Head-related transfer function

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HRTFs for left and right ear (expressed here as HRIRs) describe the filtering of a sound source (x(t)) before it is perceived at the left and right ears as xL(t) and xR(t), respectively.

The head-related transfer function HRTF, also called the anatomical transfer function ATF, describes how a given sound wave input (parameterized as frequency and source location) is filtered by the diffraction and reflection properties of the head, pinna, and torso, before the sound reaches the transduction machinery of the eardrum and inner ear (see auditory system). Biologically, the source-location-specific prefiltering effects of these external structures aid in the neural determination of source location, particularly the determination of source elevation.

Linear systems analysis defines the transfer function as the complex ratio between the output signal spectrum and the input signal spectrum as a function of frequency. Blauert (1974; cited in Blauert, 1981) initially defined the transfer function as the free-field transfer function FFTF. Other terms include free-field to eardrum transfer function and the pressure transformation from the free-field to the eardrum. Less specific descriptions include the pinna transfer function, the outer ear transfer function, the pinna response, directional transfer function DTF or what is commonly termed the head-related transfer function HRTF.

The transfer function H(f) of any linear time-invariant system at frequency f is:

H(f) = Output (f) / Input (f)

One method used to obtain the HRTF from a given source location is therefore to measure the head-related impulse response HRIR , h(t), at the ear drum for the impulse Δ(t) placed at the source. The HRTF H(f) is the Fourier transform of the HRIR h(t).

Even when measured for a dummy head of idealized geometry, head-related transfer functions are complicated functions of frequency and the three spatial variables. For distances greater than 1 m from the head, however, the HRTF can be said to attenuate inversely with range. It is this far field HRTF, H(f, θ, φ), that has most often been measured. At closer range, the difference in level observed between the ears can grow quite large, even in the low-frequency region within which negligible level differences are observed in the far field.

HRTFs are typically measured in an anechoic chamber to minimize the influence of early reflections and reverberation on the measured response. HRTFs are measured at small increments of θ such as 15° or 30° in the horizontal plane, with interpolation used to synthesize HRTFs for arbitrary positions of θ. Even with small increments, however, interpolation can lead to front-back confusion, and optimizing the interpolation procedure is an active area of research. Humans are less sensitive to changes in the azimuth, φ, and HRTFs are often measured only on the horizontal plane or with 45° increments in the median plane.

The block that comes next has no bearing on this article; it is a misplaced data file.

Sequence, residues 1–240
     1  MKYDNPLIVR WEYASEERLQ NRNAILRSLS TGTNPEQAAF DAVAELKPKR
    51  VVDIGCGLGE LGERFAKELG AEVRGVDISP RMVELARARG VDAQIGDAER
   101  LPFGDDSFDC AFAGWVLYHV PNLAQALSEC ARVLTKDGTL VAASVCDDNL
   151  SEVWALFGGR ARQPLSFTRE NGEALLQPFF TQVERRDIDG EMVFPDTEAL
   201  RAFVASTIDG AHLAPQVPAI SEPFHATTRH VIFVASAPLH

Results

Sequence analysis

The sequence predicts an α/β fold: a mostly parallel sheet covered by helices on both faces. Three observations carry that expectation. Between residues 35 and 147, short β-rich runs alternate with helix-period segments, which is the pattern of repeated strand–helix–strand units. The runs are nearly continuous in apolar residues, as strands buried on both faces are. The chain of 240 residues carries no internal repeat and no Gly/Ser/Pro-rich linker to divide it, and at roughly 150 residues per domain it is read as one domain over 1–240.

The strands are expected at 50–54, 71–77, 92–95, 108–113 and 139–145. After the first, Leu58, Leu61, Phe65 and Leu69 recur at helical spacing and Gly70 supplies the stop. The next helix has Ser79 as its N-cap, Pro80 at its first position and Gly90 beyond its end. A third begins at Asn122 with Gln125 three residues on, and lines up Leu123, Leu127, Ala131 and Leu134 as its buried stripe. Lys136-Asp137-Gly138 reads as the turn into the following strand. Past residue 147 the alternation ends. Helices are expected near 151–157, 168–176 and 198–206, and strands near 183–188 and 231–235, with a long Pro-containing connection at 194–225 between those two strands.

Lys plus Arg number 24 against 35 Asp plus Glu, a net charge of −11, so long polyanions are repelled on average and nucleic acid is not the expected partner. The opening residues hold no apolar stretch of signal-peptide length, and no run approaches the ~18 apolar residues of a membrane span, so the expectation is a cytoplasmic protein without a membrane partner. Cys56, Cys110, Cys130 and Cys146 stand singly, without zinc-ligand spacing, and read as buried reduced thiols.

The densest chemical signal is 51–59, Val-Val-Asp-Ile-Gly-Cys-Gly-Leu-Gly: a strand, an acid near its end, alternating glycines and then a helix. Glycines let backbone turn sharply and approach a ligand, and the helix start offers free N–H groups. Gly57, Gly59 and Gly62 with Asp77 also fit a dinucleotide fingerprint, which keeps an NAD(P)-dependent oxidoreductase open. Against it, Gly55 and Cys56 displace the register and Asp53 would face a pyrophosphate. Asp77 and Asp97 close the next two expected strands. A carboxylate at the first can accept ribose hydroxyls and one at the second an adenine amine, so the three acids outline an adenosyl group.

In order to maximize the signal-to-noise ratio (SNR) in a measured HRTF, it is important that the impulse being generated be of high volume. In practice, however, it can be difficult to generate impulses at high volumes and, if generated, they can be damaging to human ears, so it is more common for HRTFs to be directly calculated in the frequency domain using a frequency-swept sine wave or by using maximum length sequences. User fatigue is still a problem, however, highlighting the need for the ability to interpolate based on fewer measurements.

Head-related transfer functions have to do with a person's ability to localize sound. The ability to localize sound is not something that people are born with. A baby has to train its auditory system to recognize where certain sounds are located.

The head-related transfer function is involved in resolving the cone of confusion, a series of points where ITD and IID are identical for sound sources from many locations around the "0" part of the cone. When a sound is received by the ear it can either go straight down the ear into the ear canal or it can be reflected off the pinnae of the ear, into the ear canal a fraction of a second later. The sound will contain many frequencies, so therefore many copies of this signal will go down the ear all at different times depending on their frequency (according to reflection, diffraction, and their interaction with high and low frequencies and the size of the structures of the ear.) These copies overlap each other, and during this, certain signals are enhanced (where the phases of the signals match) while other copies are canceled out (where the phases of the signal do not match). Essentially, the brain is looking for frequency notches in the signal that correspond to particular known directions of sound.[citation needed] If another person's ears were substituted, the individual would not immediately be able to localize sound, as the patterns of enhancement and cancellation would be different from those patterns the person's auditory system is used to. However, after some weeks, the auditory system would adapt to the new head-related transfer function.[1]

[edit] References

  1. ^ Hofman, Paul M. (September 1998). "Relearning sound localization with new ears" (PDF). Nature Neuroscience 1 (5): pp. 417–421. doi:10.1038/1633. http://www.mbfys.ru.nl/~johnvo/papers/nn98.pdf. 

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